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At a time when passengers on major domestic airlines often feel fortunate to get a bag of peanuts, Midwest Express Airlines offers a quasi-restaurant-in-the-sky. And it turns tasty profits, too.

The airline, known for its free champagne with meals featuring lobster, steak and poached salmon, recorded a profit for the 12th straight year in 1998, giving it the second-longest such streak in the industry behind Southwest Airlines.

Profits come despite the $11-per-passenger Midwest says it spends on meals, compared with the $4.16 average Consumer Reports says others spend.

"The most popular strategy in the airline industry has been low fares, which drives a reduction in food service and everything else. And we've chosen a different strategy and so far it's working for us," says Brenda Skelton, senior VP-marketing.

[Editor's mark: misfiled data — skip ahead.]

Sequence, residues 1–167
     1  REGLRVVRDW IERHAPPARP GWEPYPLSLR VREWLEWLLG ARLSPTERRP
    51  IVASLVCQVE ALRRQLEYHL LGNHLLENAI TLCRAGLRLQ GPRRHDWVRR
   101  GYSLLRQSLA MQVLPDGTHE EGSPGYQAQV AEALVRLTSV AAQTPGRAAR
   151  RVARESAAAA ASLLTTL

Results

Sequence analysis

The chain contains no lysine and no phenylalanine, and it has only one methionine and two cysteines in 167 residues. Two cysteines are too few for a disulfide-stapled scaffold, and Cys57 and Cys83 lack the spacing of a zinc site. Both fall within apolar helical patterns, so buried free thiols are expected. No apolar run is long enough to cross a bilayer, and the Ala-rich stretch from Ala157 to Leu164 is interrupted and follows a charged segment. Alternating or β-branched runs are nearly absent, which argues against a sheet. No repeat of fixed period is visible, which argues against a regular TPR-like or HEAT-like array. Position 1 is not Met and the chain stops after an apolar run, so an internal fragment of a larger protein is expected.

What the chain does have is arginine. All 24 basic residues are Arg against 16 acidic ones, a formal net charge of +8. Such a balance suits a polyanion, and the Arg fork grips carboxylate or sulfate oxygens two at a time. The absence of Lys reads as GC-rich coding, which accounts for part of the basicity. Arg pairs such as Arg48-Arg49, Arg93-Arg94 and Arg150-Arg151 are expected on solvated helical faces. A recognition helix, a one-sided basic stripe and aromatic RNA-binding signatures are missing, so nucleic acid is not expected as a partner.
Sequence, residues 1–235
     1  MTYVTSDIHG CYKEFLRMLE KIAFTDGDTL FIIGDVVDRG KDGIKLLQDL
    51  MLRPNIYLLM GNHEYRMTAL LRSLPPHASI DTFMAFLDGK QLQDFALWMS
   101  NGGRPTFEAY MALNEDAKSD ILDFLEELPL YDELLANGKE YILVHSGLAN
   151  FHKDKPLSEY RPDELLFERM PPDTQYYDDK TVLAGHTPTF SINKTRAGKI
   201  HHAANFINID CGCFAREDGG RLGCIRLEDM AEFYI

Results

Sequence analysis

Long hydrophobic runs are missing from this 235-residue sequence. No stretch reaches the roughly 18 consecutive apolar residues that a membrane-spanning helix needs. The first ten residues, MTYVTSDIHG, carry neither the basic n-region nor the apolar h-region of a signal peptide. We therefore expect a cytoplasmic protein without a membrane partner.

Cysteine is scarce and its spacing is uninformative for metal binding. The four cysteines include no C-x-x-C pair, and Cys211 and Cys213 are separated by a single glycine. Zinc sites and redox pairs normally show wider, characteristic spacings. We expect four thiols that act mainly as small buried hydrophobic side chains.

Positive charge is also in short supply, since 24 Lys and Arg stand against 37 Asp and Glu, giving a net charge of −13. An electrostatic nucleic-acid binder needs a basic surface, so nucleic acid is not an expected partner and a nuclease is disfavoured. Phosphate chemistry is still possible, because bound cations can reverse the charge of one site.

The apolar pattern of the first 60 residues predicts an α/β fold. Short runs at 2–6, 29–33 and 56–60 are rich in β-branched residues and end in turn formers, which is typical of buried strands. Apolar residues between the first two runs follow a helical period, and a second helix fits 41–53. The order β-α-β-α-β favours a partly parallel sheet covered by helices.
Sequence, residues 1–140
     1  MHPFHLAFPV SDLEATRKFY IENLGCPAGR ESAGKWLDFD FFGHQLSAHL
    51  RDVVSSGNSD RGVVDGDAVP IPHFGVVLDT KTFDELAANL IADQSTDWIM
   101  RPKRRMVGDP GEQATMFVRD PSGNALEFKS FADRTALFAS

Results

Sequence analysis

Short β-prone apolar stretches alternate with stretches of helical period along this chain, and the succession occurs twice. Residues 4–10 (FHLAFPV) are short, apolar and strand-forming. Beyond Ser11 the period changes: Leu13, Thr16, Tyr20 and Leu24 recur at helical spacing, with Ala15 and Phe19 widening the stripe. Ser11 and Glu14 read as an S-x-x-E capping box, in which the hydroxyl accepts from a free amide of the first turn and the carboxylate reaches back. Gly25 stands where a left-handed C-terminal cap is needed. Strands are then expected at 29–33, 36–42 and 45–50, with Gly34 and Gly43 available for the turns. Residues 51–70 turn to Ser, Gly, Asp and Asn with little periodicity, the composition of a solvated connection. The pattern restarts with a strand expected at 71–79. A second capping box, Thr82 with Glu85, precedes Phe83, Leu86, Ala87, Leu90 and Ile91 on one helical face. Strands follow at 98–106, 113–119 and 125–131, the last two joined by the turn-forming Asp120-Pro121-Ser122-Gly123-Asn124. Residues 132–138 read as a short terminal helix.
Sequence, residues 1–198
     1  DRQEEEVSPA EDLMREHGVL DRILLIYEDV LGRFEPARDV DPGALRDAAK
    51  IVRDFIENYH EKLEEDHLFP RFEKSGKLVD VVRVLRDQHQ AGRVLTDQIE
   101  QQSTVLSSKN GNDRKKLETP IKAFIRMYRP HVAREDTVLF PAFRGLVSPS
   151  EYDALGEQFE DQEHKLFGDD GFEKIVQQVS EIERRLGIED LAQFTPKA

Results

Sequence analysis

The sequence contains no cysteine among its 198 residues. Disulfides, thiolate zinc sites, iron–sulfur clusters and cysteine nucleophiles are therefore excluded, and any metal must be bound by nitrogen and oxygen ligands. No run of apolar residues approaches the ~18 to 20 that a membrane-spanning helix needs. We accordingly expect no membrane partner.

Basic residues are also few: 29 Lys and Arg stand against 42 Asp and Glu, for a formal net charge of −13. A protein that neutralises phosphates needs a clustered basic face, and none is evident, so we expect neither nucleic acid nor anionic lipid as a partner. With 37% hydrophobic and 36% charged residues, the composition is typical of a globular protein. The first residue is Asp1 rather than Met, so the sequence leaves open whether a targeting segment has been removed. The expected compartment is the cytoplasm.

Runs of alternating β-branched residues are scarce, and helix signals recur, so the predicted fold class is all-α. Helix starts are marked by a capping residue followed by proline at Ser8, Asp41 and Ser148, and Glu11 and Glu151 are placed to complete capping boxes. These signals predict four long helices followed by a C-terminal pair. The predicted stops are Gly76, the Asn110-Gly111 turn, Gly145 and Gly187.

Using a cable TV campaign last year, the airline raised its profile and attracted additional customers from beyond its hub markets of Milwaukee, Omaha and Kansas City, Mo. Cable TV allows the airline, which spends about $4 million a year on advertising, to get more bang for its buck, Ms. Skelton says.

"It's a way we can build national awareness in a cost-efficient way because we're very much of a niche carrier," she says.

It has used the same agency, Bender, Browning, Dolby & Sanderson, Chicago, and

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